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    ABSTRACT: This workshop had four main objectives: (A) Trying to look at the preeclampsia (PE) problem "from the Space Shuttle": why preeclampsia has emerged in humans (a specific human reproductive feature among 4300 mammal species)? (B) Epidemiology: there are major geographical differences concerning early onset PE and late onset PE throughout the world. (C) Vascular: The very promising use of pravastatin in the treatment of the vascular maternal syndrome (based on the metabolism of carbon monoxide (CO), the role of inositol phosphate glycans P-type (IPG-P), a major role in comprehending the insulin resistance phenotype in preeclampsia. (D) Immunology: the specialty of these workshops since their start in 1998; our understanding of the role of the immune system and the regulation of the deep implantation of the human trophoblast (and the obligatory compromises between the fetal/placental unit and the mother) have reached a kind of "maturity," following the pivotal studies exploring the biology of repetitive sperm exposure in the female genital tract. The meeting of people who never meet each other in the course of their normal professional lives (obstetricians, evolutionists, geneticists, immunologists, fundamentalist vascular biologists, epidemiologists, anthropologists, neonatologists, etc.) permitted some fruitful reflections to be made again this year. Copyright © 2015 Elsevier Ireland Ltd. All rights reserved.
    Journal of Reproductive Immunology 07/2015; DOI:10.1016/j.jri.2015.07.001 · 2.82 Impact Factor
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    • "The suppressor activity of iTregs in those patients is also decreased (36). Regarding preeclampsia (PE), it has been reported that PE patients present decreased Treg cell level in blood and in decidua (17, 37, 38). Moreover, Treg cell function has been found to be decreased in PE patients (39). "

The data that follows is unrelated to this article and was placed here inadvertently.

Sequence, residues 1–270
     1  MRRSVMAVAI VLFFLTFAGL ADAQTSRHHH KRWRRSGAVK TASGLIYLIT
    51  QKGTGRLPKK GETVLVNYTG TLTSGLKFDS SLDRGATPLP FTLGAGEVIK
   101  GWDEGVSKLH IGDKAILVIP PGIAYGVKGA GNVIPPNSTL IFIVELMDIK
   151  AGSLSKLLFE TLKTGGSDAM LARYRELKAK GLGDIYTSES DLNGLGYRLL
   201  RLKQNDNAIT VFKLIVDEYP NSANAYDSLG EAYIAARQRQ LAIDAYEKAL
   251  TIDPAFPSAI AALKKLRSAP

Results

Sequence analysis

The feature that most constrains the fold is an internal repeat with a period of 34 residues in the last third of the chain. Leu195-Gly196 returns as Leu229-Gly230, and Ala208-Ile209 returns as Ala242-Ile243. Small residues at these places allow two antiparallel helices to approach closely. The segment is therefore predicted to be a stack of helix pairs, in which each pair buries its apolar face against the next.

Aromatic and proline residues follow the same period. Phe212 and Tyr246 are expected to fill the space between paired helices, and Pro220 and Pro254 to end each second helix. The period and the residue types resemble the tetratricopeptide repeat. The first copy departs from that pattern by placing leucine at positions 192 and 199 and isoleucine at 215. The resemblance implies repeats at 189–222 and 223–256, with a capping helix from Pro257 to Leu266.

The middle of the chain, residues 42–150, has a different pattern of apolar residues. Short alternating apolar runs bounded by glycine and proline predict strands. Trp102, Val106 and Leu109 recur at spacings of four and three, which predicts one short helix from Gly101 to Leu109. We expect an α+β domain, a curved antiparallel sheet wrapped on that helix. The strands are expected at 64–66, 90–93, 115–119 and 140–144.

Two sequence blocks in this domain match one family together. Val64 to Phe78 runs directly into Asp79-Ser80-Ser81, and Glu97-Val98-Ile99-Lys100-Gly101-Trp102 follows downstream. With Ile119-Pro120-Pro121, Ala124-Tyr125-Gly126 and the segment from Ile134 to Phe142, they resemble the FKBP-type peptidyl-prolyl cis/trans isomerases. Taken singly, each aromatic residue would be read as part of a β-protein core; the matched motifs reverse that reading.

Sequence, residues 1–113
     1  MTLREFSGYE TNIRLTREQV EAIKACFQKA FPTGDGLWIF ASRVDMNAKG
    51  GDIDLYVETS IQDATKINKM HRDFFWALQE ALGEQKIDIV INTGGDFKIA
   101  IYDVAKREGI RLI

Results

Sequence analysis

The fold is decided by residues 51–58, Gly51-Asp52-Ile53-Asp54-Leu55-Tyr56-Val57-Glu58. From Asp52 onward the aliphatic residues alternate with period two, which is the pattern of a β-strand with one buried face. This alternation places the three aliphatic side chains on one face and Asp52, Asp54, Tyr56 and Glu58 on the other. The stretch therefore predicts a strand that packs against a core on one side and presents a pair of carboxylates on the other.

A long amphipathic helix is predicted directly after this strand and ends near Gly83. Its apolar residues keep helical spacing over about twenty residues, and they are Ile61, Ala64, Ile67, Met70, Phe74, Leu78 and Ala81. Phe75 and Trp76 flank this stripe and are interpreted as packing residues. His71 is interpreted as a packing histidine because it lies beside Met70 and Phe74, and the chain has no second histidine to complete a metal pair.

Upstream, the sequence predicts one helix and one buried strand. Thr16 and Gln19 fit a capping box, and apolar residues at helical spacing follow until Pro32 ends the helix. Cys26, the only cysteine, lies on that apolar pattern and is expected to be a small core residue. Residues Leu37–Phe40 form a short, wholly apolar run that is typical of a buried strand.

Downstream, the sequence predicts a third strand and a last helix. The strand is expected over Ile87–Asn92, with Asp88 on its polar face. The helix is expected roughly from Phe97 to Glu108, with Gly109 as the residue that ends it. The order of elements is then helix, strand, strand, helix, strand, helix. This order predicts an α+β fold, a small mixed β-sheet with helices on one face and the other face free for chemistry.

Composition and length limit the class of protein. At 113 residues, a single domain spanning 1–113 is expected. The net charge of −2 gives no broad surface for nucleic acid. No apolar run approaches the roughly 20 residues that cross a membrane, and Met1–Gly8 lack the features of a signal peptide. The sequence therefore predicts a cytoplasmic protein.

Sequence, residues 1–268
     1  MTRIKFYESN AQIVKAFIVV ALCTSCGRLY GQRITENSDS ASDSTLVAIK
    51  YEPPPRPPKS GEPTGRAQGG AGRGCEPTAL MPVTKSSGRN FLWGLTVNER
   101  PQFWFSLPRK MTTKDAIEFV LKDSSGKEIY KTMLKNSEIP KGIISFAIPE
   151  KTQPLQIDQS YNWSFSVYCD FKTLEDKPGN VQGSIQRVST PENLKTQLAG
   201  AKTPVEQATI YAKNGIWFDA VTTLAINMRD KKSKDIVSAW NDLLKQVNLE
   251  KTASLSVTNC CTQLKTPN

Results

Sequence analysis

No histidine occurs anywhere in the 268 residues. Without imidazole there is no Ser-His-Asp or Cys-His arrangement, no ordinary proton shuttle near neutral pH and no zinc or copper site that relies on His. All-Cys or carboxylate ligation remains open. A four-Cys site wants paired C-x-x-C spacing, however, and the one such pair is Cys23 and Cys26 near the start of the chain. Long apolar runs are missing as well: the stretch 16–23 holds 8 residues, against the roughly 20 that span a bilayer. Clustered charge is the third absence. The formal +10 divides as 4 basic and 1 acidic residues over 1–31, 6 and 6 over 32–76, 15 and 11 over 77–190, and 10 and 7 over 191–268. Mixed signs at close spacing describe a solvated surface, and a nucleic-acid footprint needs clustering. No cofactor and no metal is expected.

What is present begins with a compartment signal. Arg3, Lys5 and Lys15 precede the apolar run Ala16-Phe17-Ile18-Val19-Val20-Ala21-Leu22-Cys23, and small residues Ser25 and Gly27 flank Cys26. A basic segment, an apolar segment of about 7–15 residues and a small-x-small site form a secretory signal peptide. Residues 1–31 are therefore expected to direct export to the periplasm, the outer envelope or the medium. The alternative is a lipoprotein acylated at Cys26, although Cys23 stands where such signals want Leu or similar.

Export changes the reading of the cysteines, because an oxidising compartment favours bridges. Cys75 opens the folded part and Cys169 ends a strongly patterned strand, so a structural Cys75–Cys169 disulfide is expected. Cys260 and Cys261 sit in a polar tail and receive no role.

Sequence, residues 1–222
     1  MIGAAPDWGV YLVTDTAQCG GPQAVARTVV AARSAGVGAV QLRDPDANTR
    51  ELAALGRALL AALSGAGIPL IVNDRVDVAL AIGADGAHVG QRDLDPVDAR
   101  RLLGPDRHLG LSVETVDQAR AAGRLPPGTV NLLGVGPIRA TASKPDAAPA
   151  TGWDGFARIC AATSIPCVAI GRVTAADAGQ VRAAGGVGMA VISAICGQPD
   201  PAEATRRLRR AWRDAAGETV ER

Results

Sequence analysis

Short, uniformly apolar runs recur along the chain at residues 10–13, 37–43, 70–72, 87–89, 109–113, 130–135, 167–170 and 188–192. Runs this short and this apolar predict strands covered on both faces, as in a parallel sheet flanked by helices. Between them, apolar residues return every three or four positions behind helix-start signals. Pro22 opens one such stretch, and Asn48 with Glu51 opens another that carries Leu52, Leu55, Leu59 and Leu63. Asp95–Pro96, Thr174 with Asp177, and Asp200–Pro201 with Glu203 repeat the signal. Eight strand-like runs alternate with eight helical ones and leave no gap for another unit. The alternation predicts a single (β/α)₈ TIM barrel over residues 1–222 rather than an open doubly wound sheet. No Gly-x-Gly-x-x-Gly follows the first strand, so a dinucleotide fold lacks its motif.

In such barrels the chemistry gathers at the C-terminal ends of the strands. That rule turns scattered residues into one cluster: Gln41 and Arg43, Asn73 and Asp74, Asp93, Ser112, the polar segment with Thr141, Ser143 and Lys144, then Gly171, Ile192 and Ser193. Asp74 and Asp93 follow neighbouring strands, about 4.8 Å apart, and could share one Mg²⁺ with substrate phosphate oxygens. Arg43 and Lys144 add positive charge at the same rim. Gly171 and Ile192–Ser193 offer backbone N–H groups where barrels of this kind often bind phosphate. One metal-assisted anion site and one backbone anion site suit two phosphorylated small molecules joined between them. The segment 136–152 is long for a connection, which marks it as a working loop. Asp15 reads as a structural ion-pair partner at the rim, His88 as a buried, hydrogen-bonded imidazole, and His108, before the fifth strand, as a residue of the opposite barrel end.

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    ABSTRACT: Acceptance of the fetal semi-allograft by the mother's immune system has become the focus of intensive research. CD4+ T cells are important actors in the establishment of pregnancy. Th1/Th2 paradigm has been expanded to include CD4+ regulatory T (Treg) and T helper 17 (Th17) cells. Pregnancy hormones exert very significant modulatory properties on the maternal immune system. In this review, we describe mechanisms by which the endocrine milieu modulates CD4 T cell polarization during pregnancy. We first focused on Treg and Th17 cells and on their importance for pregnancy. Secondly, we review the effects of pregnancy hormones [progesterone (P4) and estradiol (E2)] on immune cells previously described, with a particular attention to human chorionic gonadotropin (hCG). The importance of Treg cells for pregnancy is evidenced. They are recruited before implantation and are essential for pregnancy maintenance. Decreased number or less efficient Treg cells are implicated in fertility disorders. As for Th17 cells, the few available studies suggest that they have a negative impact on fertility. Th17 frequency is increased in infertile patients. With the combination of its pro-effects on Th2 and Treg cells and anti-effects on Th1 and Th17 cells, P4 contributes to establishment of a favorable environment for pregnancy. E2 effects are more dependent on the context but it seems that E2 promotes Treg and Th2 cells while it inhibits Th1 cells. hCG positively influences activities of Treg and uterine natural killer cells. This embryo signal is an essential actor for the success of pregnancy, both as the endocrine factor regulating P4 secretion by the ovarian corpus luteum, but also as a paracrine agent during implantation as well as an angiogenic and immunologic mediator during the course of gestation. Luteinizing hormone (LH) immune properties begin to be studied but its positive impact on Treg cells suggests that LH could be a considerable immunomodulator in the mouse.
    Frontiers in Endocrinology 07/2014; 5:106. DOI:10.3389/fendo.2014.00106